Our showrunners continue to dole out the most obvious plot twists imaginable:
But those filmmakers, and the rest of the pro-life evangelical community, have another curveball coming. In the final third of director Nick Sweeney’s 79-minute documentary, featuring many end-of-life reflections from McCorvey—who grew up queer, poor, and was sexually abused by a family member her mother sent her to live with after leaving reform school—the former Jane Roe admits that her later turn to the anti-abortion camp as a born-again Christian was “all an act.”
“This is my deathbed confession,” she chuckles, sitting in a chair in her nursing home room, on oxygen. Sweeney asks McCorvey, “Did [the evangelicals] use you as a trophy?” “Of course,” she replies. “I was the Big Fish.” “Do you think you would say that you used them?” Sweeney responds. “Well,” says McCorvey, “I think it was a mutual thing. I took their money and they took me out in front of the cameras and told me what to say. That’s what I’d say.” She even gives an example of her scripted anti-abortion lines. “I’m a good actress,” she points out. “Of course, I’m not acting now.”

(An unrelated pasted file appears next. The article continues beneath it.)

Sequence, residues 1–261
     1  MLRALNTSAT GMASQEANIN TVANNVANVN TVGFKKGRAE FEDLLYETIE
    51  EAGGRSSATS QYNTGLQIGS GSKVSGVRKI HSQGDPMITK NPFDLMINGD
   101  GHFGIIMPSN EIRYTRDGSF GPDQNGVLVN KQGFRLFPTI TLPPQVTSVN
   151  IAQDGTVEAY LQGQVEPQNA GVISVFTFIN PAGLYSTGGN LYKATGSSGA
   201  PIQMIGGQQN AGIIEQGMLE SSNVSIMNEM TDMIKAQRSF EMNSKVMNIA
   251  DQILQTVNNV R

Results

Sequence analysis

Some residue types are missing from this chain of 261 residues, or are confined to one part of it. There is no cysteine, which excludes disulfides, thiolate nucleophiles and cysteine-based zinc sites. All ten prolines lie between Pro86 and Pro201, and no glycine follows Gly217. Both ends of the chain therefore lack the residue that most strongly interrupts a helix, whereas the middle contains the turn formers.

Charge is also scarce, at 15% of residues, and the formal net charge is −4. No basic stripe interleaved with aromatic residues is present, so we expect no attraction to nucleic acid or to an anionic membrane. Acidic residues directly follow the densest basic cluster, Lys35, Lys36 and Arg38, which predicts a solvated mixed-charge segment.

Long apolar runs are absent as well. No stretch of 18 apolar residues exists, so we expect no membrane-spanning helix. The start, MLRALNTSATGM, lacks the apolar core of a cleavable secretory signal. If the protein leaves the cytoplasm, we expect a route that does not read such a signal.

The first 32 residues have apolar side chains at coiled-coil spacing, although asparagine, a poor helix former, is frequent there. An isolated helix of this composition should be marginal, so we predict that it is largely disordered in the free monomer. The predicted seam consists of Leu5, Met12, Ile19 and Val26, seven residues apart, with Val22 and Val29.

It’s a little better now, but elite punditry in the 90s and early aughts was saturated with arguments that even if one was pro-choice one should concede that American pro-lifers were acting according to Deep Moral Principles that merited not merely respect but accommodation, when in fact the movement was a total legal, moral, and ethical shambles. Remember the McCorvey Purchase if you see such arguments again, which you surely will.